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Tuesday, June 10, 2014

What Makes a Good Protestant Pastor? – Kittelson on Luther

I mentioned previously that I had read this book and found some of its material interesting enough to share with you, gentle readers.

The below section deals with Luther’s focus on theological education during the 1530s (after the Augsburg Confession). The first paragraph talks a little about how the University of Wittenberg functioned as a center of theological education, and the second paragraph is mostly a quote from Luther explaining what characteristics he thinks makes a good preacher.

One important piece of background information that you need for the first paragraph is that the University of Wittenberg had suspended the practice of disputation in 1523 as an identifying marker of the sort of scholastic theology that Luther rejected.

James M. Kittelson, Luther the Reformer: The Story of the Man and His Career (Fortress, 2003), 249–50.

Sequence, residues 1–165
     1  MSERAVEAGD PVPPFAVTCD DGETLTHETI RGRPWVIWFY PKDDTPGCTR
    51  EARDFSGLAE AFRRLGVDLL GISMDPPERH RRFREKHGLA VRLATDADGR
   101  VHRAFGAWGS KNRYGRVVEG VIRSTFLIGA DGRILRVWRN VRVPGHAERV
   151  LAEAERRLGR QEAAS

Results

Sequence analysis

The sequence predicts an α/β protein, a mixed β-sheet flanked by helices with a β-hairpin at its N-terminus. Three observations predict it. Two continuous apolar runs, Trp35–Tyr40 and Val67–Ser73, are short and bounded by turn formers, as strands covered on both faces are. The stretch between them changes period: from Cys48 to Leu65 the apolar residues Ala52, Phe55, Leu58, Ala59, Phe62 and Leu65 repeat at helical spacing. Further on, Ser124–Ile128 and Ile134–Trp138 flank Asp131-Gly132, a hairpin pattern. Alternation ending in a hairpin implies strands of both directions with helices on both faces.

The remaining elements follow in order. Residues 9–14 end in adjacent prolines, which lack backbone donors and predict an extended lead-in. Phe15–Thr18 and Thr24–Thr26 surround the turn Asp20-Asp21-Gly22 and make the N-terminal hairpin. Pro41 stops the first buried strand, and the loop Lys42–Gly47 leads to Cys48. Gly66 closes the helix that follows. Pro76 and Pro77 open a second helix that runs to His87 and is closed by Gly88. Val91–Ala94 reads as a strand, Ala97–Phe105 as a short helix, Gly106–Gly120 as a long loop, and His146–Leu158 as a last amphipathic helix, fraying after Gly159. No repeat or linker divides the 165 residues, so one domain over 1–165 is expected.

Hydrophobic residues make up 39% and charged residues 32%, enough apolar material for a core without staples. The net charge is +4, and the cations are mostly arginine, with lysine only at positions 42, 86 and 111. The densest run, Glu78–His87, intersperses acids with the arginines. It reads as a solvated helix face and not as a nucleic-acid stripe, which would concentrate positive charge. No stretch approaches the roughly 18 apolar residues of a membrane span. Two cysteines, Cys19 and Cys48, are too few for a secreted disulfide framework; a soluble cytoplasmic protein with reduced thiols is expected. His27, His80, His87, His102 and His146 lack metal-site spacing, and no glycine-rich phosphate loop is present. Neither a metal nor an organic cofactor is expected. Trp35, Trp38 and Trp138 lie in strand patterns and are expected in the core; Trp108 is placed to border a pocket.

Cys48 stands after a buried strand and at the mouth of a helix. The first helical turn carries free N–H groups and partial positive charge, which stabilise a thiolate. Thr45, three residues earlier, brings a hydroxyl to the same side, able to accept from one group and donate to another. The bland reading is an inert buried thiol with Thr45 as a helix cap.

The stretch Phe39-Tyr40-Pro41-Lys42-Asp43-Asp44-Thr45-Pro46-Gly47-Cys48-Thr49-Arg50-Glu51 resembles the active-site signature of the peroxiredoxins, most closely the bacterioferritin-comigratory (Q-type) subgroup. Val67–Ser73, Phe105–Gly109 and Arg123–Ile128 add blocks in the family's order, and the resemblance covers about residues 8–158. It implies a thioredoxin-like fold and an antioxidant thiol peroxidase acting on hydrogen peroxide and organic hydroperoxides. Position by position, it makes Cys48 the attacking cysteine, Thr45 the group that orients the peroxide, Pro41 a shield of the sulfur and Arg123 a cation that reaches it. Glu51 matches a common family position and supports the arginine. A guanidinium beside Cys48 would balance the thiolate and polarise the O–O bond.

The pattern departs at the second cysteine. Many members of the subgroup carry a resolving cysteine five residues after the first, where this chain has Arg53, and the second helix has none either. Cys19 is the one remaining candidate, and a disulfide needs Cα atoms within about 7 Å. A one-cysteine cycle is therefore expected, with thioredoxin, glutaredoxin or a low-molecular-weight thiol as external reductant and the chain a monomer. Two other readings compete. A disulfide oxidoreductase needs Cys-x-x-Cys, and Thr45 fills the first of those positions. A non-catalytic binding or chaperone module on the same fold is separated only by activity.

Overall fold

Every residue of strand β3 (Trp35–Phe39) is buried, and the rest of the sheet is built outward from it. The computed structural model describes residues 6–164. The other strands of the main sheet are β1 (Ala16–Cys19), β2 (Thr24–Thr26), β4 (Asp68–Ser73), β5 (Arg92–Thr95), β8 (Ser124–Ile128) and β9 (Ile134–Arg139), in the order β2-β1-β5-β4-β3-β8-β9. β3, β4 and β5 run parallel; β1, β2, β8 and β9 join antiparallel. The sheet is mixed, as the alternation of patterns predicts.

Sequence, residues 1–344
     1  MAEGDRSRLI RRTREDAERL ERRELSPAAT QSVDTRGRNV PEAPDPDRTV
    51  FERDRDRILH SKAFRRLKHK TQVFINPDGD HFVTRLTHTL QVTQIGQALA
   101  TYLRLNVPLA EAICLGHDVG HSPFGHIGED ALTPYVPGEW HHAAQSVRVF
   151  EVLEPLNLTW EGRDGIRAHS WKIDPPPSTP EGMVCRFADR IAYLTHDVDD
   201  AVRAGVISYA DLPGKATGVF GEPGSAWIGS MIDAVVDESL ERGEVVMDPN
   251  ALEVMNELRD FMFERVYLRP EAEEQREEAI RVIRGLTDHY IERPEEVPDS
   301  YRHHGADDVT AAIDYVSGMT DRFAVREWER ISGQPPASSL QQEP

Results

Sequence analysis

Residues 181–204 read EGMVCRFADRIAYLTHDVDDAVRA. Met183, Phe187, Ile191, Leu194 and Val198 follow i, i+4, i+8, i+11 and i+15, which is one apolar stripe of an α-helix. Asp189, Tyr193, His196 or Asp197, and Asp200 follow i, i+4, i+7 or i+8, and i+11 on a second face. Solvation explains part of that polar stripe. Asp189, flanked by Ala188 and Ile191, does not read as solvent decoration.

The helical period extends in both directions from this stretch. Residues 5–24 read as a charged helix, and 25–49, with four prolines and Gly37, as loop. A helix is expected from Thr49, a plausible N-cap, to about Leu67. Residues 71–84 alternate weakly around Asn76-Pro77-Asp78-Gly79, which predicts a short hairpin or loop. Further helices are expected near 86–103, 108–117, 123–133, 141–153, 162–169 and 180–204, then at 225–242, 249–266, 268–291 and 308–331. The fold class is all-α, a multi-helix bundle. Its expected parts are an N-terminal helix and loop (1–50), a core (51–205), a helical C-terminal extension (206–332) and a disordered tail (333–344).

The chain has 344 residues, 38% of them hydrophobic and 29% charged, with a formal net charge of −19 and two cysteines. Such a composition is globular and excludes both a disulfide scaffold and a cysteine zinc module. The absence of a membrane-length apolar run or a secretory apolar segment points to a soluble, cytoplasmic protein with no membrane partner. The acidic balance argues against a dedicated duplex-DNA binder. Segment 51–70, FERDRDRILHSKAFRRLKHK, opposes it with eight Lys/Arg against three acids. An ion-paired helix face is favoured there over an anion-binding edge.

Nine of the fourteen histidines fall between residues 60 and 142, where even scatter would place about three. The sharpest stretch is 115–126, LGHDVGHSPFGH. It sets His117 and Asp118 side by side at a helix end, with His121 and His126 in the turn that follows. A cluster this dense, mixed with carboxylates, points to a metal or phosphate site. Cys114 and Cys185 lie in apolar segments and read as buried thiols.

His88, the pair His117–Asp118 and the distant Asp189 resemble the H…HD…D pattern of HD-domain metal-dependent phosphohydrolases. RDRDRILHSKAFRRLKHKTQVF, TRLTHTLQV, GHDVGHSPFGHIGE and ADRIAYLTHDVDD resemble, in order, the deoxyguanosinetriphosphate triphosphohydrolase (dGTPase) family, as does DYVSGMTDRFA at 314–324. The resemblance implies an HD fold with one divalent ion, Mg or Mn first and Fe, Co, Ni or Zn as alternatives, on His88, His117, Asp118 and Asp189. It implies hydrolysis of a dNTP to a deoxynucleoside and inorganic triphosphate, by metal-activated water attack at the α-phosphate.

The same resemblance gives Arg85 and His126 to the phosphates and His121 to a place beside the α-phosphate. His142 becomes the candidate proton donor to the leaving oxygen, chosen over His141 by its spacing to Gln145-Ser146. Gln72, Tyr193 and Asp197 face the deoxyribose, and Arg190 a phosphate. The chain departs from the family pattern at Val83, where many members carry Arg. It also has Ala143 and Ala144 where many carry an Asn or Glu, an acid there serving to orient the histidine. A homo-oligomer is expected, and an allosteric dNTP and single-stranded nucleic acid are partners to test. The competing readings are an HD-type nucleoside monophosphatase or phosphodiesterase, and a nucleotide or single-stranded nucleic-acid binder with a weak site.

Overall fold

[T]eaching the truth was now Luther’s most important objective. In a series of new reforms of the University between 1533 and 1536, even the disputations were reinstated. They were a means first of being able to confer the doctorate (and therefore train new professors), and second to test students on their grasp of Evangelical religion. As a final step, at Luther’s behest the elector decreed in 1535 that anyone who wished to become a pastor but had no bishop to ordain him should present himself to the Wittenberg theological faculty for examination and ordination.

Luther was clear about what he hoped to create through all this effort: “First, a good preacher should be able to teach well, correctly, and in an orderly fashion. Second, he should have a good head on his shoulders. Third, he should be eloquent. Fourth, he should have a good voice. Fifth, he should have a good memory. Sixth, he should know when to stop. Seventh, he should be constant and diligent about his affairs. Eighth, he should invest body and life, possessions and honor in it. Ninth, he should be willing to let everyone vex and hack away at him.” According to 16th-century educators, six of these nine characteristics could be taught. Just as his own mind had been changed by his work at a university, so too Luther was now trying to change the minds of his students.
That last line resonates deeply with me.

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Saturday, June 07, 2014

Meanwhile, back at the ranch…

…or, Something to keep you busy over the weekend…